Spain’s foreign minister announced new anti-drug cooperation with Venezuela over the weekend, according to the Caracas newspaper El Universal. The initiative, proposed by Venezuela, is aimed at increasing the ability to interdict drugs being trafficked to Europe. Venezuela has made significant progress on fighting drugs — despite US criticism — even after cooperation with the DEA ended. A letter in Sunday’s Boston Globe enumerates that progress. Anti-drug policing has been stepped up on the border with Colombia, the world’s largest cocaine producer. The BBC reports though that one Colombian drug kingpin allegedly “bases himself” over the border in rural Venezuela.

Bloomberg reports on the economy, and indicates that President Chavez’s approval rating remained at 58 percent last month according to one source. A Washington Post editorial Saturday delights in the possibility that the US financial crisis could hurt so-called “rogue states.” It suggests that President Chavez is “disturbed” by lower oil prices and mocks his appeal to US leaders to “sit down and talk and come to an agreement because we need each other.” On Sunday, a similar New York Times editorial makes the erroneous claim that Venezuela “is said to be desperate for prices to go back above $100.” Reuters reports that Chavez said he supports a price band for oil that would see OPEC setting the value crude as low as $70 per barrel. The Venezuelan leader also indicated recently that the country could remain solvent at $55 per barrel, citing foreign currency reserves of about $40 billion.

Reuters and the AP report on a comment by Chavez that he would like to see Mayor Manuel Rosales of Zulia state jailed for his alleged role in coup plots. “He cannot continue in office. … He is one of those who wants to see me dead,” Chavez said. Notably, though, members of Venezuela’s opposition have not been actively discriminated against and were pardoned early this year for their roles in the 2002 coup.

Finally, press attention continues to swirl around Venezuela’s ties with Russia. The US has just sanctioned Russia’s state arms trader. The Washington Post reports though that “in an unusual move, it granted the company a partial waiver to permit the sale of nearly two dozen Russian helicopters to Iraq.”

October 24, 2008

“The Real Venezuela” Initiative Will Help Combat Media Terrorism

Venezuela’s Minister of Information and Communications, Andres Izarra, has announced a new initiative called “Venezuela de Verdad” (The Real Venezuela) to combat what he called “media terrorism,” according to the Caracas newspaper El Universal. Izarra spoke out against the “campaign of lies and manipulation” that he said prevents the country’s positive aspects from being known. Venezuela’s opposition-controlled media played an important role in the 2002 coup against Chavez.

Venezuelan officials have rejected as “interference” a resolution by the European Parliament condemning a measure that prevents hundreds of candidates, mostly from opposition parties, from running in regional elections due to pending corruption charges. The AP reports that Venezuela’s comptroller general explained, “It’s not a violation of human rights, it’s a measure against corruption.” Venezuela’s Vice Minister for Europe said that the vote was an inappropriate initiative spearheaded by Europe’s right-wing and stated: “With this resolution, the MEP’s have supported corruption.”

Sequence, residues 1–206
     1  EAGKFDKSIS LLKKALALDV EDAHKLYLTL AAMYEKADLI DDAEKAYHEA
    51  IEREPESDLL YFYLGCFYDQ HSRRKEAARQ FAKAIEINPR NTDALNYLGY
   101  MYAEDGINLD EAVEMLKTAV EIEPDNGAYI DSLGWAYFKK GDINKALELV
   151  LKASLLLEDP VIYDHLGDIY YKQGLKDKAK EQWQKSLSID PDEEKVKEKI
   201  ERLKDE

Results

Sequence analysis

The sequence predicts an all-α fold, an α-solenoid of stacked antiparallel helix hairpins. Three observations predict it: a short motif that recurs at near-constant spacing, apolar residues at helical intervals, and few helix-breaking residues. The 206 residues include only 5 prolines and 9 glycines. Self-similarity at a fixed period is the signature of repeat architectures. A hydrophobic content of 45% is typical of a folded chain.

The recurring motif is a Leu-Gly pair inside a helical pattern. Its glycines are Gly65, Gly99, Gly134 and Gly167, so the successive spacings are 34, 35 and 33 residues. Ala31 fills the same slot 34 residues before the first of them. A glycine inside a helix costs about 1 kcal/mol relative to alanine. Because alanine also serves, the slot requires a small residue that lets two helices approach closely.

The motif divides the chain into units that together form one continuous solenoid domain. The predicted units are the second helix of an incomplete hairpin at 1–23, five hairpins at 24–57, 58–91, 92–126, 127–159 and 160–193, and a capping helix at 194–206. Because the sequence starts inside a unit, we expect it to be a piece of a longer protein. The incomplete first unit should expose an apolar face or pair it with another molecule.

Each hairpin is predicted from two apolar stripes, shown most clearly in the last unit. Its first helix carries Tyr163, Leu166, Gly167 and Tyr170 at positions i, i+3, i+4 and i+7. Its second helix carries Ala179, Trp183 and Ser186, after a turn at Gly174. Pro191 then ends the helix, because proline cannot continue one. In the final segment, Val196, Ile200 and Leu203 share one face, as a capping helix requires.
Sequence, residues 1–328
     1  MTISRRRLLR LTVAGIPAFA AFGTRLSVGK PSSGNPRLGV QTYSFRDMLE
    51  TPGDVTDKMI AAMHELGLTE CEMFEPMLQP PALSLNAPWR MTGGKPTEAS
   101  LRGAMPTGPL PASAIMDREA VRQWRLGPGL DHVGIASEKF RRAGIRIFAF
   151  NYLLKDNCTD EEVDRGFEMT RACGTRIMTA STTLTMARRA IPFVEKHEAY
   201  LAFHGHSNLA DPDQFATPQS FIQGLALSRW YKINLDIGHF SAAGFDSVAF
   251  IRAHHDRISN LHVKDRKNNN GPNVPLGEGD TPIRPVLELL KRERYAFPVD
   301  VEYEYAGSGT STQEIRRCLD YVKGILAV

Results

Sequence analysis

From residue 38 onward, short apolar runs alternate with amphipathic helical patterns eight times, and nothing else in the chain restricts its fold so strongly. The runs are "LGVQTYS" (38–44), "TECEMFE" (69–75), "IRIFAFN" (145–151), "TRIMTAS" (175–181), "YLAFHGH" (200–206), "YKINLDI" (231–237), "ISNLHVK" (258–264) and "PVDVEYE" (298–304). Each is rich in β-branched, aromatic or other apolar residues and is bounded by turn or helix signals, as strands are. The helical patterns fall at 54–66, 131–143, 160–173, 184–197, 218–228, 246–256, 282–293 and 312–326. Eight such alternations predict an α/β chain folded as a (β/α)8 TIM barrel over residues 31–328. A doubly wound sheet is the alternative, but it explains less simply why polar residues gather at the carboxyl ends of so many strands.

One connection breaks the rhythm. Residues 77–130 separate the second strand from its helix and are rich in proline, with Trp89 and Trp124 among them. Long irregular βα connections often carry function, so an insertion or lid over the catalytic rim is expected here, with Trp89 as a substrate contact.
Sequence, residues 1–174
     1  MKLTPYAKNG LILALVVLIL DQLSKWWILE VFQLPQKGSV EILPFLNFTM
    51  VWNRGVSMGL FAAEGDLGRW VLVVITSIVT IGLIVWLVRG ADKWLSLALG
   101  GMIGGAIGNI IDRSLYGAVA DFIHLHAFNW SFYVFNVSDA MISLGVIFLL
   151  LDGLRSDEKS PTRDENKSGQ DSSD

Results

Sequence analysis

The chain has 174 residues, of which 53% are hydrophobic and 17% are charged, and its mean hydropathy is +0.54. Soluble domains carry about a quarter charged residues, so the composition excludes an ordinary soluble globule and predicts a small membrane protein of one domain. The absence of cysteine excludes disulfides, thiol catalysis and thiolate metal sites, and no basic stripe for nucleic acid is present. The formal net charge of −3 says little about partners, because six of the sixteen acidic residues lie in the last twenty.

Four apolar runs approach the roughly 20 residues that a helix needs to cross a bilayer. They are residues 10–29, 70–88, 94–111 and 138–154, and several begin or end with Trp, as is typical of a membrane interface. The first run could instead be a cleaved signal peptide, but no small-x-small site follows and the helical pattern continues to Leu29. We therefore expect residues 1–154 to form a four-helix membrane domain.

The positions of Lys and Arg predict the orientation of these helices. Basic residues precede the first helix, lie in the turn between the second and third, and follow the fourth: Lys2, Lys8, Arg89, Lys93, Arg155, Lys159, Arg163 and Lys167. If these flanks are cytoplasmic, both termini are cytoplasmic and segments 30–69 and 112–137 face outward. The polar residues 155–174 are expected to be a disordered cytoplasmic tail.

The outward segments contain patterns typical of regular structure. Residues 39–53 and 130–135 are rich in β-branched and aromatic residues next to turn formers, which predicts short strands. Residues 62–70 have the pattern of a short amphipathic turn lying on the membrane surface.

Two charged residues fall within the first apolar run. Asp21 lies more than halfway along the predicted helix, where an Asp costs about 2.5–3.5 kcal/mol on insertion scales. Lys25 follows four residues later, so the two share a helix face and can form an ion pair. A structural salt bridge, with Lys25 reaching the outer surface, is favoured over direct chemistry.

The “suitcasegate” trial is finishing up in Florida, according to the Washington Post and Miami Herald. Proceedings have consistently favored the prosecution, which claims Venezuelan businessman Franklin Duran operated as an unregistered foreign agent. The trial, though, has focused on allegations of corruption within the Chavez administration. “It’s shocking that a man who committed a crime in Argentina becomes a protected witness in Miami to make all kinds of accusations against the Venezuelan government,” said former Venezuelan Ambassador to the US Bernardo Alvarez.

In other international news, Russia is speaking out against US sanctions imposed yesterday on its state arms trader and other firms abroad including the Venezuelan Military Industries Company. This comes a day after US Treasury sanctions against an Iranian bank and its alleged affiliates, including a Venezuelan institution. The AP reports that the Bush administration also moved to press trade sanctions against Bolivia, alleging against all evidence that the country has failed to fight drug trafficking. Meanwhile, China has joined the Inter-American Development Bank in a move that may increase its presence in Latin America, the Los Angeles Times reports.

OPEC member states meet today and are expected to cut oil production in response to lagging demand in the US and globally. The AP reports that Venezuela supports the cut, along with Iran and other nations.

Finally, El Universal reports that President Chavez said that Venezuela would survive a drop in oil prices to $55 per barrel: “you can rest assured that Venezuela will not be affected by the economic crisis, because we can take any necessary steps to save money or to adopt austerity measures.”